Holiefield’s widow, Monica Morgan, has pled guilty to charges of tax evasion.

Prosecutors said, as part of his plea agreement, which cannot be appealed, Jewell has not agreed to provide testimony against any other union officials. 

Jewell joined the UAW as a teenager when he first went to work in a GM factory in Flint in 1979. He became active in local UAW politics, becoming a member of the shop committee at GM’s Flint, MI, Metal Fabricating Plant. He was a leader of the local strike that shut down the GM plant in the summer of 1998.

After the Metal Fab strike, he joined the UAW staff and later became assistant regional director before joining the UAW’s international executive board in 2010.

Under his plea agreement with federal prosecutors, Jewell will be allowed to “self-report” to the U.S. Bureau of Prisons the first week of January. Borman could have imposed $95,000 in fines on Jewell for the Taft-Hartley violations, but Borman elected not to after a review of Jewell’s personal finances showed he had a negative net worth.

Jewell’s sentencing comes at a difficult time for the UAW and Detroit’s three automakers, which are in the midst of negotiating new labor agreements.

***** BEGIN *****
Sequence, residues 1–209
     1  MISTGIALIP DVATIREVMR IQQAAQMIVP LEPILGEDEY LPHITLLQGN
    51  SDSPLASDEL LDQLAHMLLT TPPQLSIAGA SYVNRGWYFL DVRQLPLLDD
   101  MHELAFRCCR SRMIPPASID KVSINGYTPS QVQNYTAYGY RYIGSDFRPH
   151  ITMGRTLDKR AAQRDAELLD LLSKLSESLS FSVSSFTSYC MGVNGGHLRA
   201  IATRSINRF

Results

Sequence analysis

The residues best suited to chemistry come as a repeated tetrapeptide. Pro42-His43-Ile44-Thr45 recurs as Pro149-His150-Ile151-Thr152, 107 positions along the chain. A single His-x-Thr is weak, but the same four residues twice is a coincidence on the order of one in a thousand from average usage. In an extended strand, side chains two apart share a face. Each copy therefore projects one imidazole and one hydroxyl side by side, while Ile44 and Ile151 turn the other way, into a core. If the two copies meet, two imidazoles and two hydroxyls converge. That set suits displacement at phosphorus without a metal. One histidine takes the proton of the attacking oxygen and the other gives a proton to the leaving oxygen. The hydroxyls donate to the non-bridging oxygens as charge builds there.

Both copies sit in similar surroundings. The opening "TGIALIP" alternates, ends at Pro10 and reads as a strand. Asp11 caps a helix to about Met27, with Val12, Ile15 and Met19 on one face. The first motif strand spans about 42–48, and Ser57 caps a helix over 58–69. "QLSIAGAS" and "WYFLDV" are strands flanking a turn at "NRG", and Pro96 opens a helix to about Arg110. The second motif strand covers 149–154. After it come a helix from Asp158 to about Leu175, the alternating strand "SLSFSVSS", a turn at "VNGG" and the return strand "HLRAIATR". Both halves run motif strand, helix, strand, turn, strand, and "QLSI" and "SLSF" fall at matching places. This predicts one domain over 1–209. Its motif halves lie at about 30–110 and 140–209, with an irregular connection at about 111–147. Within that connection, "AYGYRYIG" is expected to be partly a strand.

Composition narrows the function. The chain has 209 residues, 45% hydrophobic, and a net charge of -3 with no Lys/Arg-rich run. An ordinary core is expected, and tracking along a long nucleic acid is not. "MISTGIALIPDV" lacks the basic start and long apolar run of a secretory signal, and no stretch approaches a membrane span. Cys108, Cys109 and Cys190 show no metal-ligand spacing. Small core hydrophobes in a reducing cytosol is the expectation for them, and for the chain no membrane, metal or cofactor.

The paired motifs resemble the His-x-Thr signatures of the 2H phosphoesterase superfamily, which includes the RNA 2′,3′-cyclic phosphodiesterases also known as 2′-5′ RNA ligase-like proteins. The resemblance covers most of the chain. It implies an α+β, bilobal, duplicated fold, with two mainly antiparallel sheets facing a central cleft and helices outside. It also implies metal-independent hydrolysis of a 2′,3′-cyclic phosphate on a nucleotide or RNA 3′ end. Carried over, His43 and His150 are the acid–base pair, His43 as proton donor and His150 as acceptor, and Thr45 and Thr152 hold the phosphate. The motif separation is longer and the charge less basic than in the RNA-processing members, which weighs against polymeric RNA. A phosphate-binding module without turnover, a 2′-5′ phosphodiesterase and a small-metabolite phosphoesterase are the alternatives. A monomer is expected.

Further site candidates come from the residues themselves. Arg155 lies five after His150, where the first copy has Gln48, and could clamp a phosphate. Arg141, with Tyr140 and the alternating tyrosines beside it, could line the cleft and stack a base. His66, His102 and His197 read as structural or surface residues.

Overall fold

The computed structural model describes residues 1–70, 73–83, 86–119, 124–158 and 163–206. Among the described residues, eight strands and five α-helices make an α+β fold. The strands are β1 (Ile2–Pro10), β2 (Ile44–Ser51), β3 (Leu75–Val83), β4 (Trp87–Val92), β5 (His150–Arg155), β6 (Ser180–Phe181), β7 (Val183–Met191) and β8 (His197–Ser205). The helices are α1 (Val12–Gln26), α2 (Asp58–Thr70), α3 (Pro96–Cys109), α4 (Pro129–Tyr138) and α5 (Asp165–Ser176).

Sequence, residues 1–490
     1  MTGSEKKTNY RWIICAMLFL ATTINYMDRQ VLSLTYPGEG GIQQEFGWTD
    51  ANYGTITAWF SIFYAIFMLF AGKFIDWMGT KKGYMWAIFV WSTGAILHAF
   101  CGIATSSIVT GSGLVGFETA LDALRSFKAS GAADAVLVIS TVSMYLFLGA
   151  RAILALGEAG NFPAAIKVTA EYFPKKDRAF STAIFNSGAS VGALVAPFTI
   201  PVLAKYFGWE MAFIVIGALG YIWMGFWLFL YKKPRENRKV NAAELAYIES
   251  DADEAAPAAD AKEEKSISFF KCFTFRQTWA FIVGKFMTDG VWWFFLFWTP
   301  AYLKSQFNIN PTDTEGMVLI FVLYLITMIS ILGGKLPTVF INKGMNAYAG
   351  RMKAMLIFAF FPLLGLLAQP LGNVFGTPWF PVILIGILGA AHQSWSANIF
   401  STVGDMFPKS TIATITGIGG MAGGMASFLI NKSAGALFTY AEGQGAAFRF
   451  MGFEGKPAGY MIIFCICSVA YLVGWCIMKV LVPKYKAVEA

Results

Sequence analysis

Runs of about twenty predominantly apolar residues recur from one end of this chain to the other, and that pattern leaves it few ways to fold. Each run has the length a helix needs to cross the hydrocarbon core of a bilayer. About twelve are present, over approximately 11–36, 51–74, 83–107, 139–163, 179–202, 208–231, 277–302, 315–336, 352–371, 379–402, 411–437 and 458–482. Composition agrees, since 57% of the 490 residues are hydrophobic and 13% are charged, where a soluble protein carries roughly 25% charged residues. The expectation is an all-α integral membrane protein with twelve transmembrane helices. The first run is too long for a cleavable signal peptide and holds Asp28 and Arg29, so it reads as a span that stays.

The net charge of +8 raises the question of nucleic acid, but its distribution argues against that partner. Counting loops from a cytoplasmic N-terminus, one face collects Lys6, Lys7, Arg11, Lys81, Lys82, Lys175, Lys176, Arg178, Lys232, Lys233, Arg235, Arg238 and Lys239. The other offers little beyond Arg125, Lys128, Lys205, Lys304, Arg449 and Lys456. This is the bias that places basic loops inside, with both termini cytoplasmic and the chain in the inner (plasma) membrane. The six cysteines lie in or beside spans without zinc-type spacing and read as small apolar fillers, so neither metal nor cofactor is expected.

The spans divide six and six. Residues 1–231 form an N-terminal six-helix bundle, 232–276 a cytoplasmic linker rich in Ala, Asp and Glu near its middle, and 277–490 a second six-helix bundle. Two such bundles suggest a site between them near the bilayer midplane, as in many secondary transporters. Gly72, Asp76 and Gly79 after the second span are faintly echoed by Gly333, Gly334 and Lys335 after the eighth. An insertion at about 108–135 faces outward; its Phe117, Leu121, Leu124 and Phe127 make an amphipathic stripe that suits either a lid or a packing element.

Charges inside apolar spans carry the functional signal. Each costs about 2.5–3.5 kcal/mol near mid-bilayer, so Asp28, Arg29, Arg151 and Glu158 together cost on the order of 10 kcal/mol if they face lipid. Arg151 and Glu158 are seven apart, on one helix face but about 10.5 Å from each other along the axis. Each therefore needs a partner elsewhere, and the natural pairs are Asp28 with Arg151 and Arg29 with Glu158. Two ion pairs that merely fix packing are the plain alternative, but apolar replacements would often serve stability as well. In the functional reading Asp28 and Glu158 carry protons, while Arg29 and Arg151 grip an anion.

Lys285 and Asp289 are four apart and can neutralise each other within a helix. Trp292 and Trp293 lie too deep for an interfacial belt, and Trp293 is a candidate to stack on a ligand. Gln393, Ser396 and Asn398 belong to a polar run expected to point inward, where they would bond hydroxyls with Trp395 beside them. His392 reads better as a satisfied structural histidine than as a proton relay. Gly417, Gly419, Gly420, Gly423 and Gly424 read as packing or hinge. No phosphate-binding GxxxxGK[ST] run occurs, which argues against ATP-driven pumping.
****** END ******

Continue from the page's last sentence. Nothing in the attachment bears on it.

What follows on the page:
The negotiations are expected to be contentious as the union presses for contract gains, while automakers fear a sales slump and worry about the enormous cost of moving into electric and autonomous vehicles.

Officials from both the UAW and FCA US have been trying to move past the scandal.

“The sentencing of Norwood Jewell speaks for itself. The UAW's leadership is determined to earn back our members’ trust with our Clean Slate reform agenda and a take-no-prisoners approach at the bargaining table, where we will draw the line on more concessions to an auto industry flush in profits,” the union said in a statement.

FCA also insisted it was a victim of unscrupulous executives, who stole from the company.

“FCA US firmly restates that it was a victim of illegal conduct by certain rogue individuals who formerly held leadership roles at the National Training Center,” FCA spokeswoman Shawn Morgan said in an e-mail. 

“FCA US also confirms that the conduct of these individuals – for their personal enrichment and neither at the direction nor for the benefit of the company – had no impact on the collective bargaining process,” the automaker statement read.

“Rather, the behavior involved a small number of bad actors who stole training funds entrusted to their control and co-opted other individuals who reported to them to carry out or conceal their activity over a period of several years.”